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AUGUST 17

Winnipeg Travel Guide

Getting Winnipeg



Winnipeg has had a public transit system since the 1880s, starting with horse-drawn streetcars. It had electric streetcars from 1891 until 1955, and electric trolley buses from 1938 until 1970.

Winnipeg is unique among North American cities its size in that it does not have continuous freeways. Beginning in 1958, the primarily suburban Metropolitan council proposed a system of freeways, including one which would have bisected the downtown area. The plan culminated in the monumental Winnipeg area transportation study of 1968. The extensive freeway plan faced stiff community opposition and was deemed over-ambitious. It wasn't implemented as a concerted undertaking, but construction of major traffic corridors follows the study to this day. A modern four-lane highway (the Perimeter Highway, which is mostly an expressway around the city with interchanges and at-grade intersections) has been constructed which bypasses the city entirely, allowing travellers on the Trans Canada Highway to avoid the city and continue east or west uninterrupted.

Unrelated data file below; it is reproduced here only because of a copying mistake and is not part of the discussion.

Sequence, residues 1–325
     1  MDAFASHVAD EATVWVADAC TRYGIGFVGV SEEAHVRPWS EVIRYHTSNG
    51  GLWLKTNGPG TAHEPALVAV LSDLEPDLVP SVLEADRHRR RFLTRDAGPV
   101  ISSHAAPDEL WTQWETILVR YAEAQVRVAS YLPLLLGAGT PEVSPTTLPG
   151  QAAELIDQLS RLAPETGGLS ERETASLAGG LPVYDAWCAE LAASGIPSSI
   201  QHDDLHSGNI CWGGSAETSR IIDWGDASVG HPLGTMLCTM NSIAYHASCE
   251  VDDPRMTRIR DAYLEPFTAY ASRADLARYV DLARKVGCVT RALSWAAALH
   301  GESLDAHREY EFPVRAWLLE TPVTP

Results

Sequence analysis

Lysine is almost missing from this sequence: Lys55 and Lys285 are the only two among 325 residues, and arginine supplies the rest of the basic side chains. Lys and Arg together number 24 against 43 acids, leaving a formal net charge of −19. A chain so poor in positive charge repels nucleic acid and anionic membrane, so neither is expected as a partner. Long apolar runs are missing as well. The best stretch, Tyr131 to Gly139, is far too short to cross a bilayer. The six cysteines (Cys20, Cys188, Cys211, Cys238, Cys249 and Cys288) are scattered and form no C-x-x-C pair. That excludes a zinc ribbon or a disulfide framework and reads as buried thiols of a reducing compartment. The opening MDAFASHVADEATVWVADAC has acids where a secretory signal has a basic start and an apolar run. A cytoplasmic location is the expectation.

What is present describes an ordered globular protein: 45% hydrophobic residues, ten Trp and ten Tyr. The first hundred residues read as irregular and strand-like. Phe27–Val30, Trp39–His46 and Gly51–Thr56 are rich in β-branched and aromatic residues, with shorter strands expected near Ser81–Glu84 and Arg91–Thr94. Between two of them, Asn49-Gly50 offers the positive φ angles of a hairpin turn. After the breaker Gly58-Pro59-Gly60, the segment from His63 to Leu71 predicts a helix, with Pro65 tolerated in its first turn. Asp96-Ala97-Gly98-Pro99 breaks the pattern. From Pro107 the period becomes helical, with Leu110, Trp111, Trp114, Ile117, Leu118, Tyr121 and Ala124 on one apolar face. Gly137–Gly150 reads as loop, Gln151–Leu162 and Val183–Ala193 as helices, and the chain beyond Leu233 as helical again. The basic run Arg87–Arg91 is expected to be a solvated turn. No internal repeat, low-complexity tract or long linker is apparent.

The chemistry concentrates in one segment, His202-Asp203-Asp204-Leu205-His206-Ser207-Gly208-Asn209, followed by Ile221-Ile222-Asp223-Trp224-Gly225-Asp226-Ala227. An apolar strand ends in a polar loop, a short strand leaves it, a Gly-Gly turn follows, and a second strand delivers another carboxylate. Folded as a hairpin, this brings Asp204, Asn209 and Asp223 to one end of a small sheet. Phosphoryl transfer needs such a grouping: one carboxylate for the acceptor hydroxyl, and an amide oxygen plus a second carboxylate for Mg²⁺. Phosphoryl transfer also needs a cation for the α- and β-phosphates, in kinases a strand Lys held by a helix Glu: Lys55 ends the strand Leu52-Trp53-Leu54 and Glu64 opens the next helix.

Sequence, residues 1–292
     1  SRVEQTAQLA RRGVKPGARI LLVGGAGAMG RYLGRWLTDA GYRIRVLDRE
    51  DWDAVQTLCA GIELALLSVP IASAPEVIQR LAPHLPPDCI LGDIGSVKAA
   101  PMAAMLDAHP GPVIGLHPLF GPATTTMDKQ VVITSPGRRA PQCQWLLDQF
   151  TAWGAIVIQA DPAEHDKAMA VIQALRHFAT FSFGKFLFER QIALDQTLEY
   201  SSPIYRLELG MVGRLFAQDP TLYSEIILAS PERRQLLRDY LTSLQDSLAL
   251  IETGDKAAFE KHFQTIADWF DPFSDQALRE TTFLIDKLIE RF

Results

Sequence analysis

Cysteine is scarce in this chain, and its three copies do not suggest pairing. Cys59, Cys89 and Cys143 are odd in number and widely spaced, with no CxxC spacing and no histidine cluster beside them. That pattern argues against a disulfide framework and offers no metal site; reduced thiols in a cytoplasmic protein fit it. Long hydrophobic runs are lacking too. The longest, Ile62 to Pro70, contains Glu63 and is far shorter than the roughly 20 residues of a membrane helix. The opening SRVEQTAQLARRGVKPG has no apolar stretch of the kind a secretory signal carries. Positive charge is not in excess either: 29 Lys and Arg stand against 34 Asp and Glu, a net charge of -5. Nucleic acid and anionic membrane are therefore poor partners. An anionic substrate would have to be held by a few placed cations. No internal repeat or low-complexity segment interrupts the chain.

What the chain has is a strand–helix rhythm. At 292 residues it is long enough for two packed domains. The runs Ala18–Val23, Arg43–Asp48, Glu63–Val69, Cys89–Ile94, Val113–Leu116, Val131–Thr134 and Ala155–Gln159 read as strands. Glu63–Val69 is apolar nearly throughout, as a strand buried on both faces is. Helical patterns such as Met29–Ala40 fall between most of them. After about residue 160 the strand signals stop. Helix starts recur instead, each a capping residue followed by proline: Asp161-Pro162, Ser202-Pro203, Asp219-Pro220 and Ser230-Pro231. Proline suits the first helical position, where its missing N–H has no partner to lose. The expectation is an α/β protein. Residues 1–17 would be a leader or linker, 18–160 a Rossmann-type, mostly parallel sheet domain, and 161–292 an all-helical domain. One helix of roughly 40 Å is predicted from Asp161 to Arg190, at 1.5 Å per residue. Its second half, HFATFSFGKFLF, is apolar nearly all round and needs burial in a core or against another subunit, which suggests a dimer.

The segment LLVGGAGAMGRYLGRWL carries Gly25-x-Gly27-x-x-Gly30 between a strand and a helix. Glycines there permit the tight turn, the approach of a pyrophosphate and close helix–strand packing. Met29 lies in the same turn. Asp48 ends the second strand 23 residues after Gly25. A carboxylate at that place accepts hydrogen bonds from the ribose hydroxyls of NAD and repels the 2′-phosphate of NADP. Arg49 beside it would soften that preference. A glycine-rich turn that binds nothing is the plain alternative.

Winnipeg Transit has an excellent range of citywide services (flat fare $1.60 per journey), with tickets and transfers for trips involving more than one bus available from the driver - exact fare only. The Transit Service Centre , in the underground concourse at Portage and Main (Mon-Fri 8.15am-4.45pm) - in a hard to find location in the Scotiabank concourse - sells a book of ten tickets for $15.50, a five-day weekday pass ($14) and a seven-day pass, valid Mon-Sun ($15.50). Free route maps are available here, as well as at the tourist offices, and details of services are printed at the back of the Winnipeg telephone directory.




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